Effects Of Fiscal Federalism

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Central thesis – Indian states are not yet ready for full fiscal federalism. (Partial fiscal federalism may be beneficial, but full fiscal federalism might adversely affect economic health and well-being) I) WHAT IS FISCAL FEDERALISM WHAT IS IT? Fiscal federalism is a prime topic of discussion in most countries right now. In both developed as well as developing economies, a turn to devolution to improve the performance of the public sectors is being considered. Major programs have been introduced to shift decision-making from the center to provincial and local governments. It is crucial to first understand what fiscal federalism is, in order to appreciate its implications. Fiscal decentralization can be defined as a two-dimensional policy…show more content…
If such complete autonomy is lacking in either or both of these, then there is partial fiscal federalism. BRIEF HISTORY The effect of fiscal federalism on the quality of governance is mainly studied through two areas – the classical theory and the second generation theory. Classical theory: The classical approach is defined by three main contributions – Tiebout (1956), Oates (1972), and Brennan and Buchanan (1980). In Tiebout’s model of local public good provision, decentralization coupled with mobile households solves the problem of the efficient provision of public goods. Essentially local governments compete in offering a mix of tax and public goods, and citizens decide where to live according to their preferences about tax and public…show more content…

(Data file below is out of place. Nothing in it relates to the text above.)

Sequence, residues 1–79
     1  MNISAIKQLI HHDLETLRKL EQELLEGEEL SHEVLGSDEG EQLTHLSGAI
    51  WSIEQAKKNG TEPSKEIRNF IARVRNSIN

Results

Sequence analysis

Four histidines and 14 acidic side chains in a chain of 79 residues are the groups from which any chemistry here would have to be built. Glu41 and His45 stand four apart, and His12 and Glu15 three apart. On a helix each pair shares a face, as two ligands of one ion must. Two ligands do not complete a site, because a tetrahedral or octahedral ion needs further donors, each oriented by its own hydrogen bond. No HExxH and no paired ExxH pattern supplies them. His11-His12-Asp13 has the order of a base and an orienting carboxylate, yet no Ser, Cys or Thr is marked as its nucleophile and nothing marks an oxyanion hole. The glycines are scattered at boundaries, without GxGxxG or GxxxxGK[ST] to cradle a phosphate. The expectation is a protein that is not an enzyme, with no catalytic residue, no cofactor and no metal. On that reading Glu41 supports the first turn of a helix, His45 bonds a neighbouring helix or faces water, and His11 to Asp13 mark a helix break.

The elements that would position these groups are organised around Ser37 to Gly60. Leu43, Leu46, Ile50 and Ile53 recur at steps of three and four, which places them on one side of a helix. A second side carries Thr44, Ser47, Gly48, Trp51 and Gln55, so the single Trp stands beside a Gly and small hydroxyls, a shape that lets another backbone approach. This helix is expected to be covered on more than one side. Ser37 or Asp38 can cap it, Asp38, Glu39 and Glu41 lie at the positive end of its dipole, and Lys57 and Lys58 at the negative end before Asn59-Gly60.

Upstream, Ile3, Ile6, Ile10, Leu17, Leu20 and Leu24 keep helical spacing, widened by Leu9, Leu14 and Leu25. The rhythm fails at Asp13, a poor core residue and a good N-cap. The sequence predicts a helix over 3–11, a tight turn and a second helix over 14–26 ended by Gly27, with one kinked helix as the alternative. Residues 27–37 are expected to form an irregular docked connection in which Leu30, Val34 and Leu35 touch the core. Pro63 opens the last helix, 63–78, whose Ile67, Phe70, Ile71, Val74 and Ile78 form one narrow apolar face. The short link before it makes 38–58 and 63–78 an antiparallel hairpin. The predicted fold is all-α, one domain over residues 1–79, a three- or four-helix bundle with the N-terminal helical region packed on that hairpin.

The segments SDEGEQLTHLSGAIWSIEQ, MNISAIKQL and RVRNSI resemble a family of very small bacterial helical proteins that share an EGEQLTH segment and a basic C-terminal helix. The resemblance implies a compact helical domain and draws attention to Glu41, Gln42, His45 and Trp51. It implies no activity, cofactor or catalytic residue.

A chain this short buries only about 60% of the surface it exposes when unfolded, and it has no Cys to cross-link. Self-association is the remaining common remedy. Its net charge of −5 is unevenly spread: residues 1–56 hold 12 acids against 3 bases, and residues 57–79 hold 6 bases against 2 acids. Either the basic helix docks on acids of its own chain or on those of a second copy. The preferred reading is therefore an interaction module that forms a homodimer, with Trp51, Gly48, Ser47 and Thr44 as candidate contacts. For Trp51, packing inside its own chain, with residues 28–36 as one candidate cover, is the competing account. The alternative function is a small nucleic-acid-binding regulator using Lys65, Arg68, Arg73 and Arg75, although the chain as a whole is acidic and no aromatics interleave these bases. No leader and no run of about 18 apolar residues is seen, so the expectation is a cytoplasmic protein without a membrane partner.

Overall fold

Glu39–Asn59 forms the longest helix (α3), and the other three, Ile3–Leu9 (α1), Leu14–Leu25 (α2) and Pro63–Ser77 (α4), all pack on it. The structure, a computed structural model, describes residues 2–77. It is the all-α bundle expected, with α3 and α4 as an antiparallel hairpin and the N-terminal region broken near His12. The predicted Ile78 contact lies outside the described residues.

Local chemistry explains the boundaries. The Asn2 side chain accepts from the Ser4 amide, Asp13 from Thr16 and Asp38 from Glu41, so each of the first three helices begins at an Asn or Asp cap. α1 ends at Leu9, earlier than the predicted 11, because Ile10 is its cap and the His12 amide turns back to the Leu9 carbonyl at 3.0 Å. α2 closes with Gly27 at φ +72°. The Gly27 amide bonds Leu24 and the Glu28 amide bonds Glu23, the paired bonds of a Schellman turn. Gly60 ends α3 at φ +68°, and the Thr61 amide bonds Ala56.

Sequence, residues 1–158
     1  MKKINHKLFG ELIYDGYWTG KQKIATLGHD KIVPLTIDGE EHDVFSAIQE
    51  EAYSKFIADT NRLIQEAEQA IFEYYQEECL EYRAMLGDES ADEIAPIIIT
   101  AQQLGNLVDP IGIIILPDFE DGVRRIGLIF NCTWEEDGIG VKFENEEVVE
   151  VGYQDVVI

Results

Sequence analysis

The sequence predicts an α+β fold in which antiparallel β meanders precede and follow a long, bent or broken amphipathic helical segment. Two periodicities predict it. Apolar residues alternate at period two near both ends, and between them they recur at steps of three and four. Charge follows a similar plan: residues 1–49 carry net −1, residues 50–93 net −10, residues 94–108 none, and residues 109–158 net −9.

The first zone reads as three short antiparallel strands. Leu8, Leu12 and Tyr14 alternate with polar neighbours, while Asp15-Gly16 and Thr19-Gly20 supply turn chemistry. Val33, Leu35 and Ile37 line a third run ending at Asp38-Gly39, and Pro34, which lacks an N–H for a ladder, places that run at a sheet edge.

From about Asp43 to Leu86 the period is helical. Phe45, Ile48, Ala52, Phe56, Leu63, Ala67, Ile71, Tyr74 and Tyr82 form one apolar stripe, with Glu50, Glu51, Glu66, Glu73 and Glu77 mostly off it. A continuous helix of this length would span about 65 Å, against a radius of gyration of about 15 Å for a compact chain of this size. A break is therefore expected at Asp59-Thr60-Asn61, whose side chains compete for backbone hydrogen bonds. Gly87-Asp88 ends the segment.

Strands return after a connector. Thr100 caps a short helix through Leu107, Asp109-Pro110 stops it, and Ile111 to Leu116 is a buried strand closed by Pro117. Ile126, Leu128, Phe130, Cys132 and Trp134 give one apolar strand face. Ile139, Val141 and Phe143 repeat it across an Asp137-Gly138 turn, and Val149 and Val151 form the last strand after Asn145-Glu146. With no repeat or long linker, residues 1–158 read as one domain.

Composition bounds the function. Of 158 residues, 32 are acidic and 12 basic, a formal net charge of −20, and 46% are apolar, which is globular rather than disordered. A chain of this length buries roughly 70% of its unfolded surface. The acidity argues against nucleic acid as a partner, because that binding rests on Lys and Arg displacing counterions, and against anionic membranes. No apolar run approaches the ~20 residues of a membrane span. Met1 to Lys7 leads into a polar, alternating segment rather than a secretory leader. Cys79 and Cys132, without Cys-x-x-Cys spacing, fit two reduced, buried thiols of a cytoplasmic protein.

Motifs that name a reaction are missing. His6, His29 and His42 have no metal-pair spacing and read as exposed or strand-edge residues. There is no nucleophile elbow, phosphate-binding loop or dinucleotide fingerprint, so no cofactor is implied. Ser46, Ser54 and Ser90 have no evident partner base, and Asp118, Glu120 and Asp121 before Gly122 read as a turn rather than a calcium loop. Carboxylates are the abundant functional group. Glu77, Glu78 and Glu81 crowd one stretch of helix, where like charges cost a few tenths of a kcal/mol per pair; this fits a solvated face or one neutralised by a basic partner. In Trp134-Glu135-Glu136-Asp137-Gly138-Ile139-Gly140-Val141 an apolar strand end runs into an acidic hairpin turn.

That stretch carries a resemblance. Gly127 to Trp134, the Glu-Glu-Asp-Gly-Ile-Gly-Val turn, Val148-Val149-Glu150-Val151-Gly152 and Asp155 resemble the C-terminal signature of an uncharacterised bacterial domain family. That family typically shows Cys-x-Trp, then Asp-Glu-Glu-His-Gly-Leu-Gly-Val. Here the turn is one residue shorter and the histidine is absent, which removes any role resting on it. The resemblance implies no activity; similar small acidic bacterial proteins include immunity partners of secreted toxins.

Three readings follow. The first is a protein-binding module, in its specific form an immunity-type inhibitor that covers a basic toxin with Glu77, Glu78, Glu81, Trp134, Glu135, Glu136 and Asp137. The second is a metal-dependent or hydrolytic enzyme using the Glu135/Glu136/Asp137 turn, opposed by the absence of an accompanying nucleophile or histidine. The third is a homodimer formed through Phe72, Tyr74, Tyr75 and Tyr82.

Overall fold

It draws on two basic sources – work on political processes and behavior of political agents, and work on information asymmetry. Unlike the first generation theory which largely assumed public officials work for the common good to maximize social welfare, this work takes as its point of departure the assumption that participants in political processes (both voters and officials) have their own objective functions that they seek to maximize in a political setting that provides the constraints on their behavior. It basically emphasizes much more on the public-choice approach introduced above. The outcomes from collective choice institutions depend in fundamental ways on the information that the various agents possess. In particular, in settings of asymmetric information, some participants have knowledge of certain things such as preferences, cost functions, or effort; knowledge that is not available to other participants, and hence optimality decisions in this setting would be quite different from those under perfect information. In short, the second generation theory provides “new literature on fiscal federalism that examines the workings of different political and fiscal institutions in a setting of imperfect information and control with a basic focus on the incentives that these institutions embody and the resulting behavior they induce from utility-maximizing

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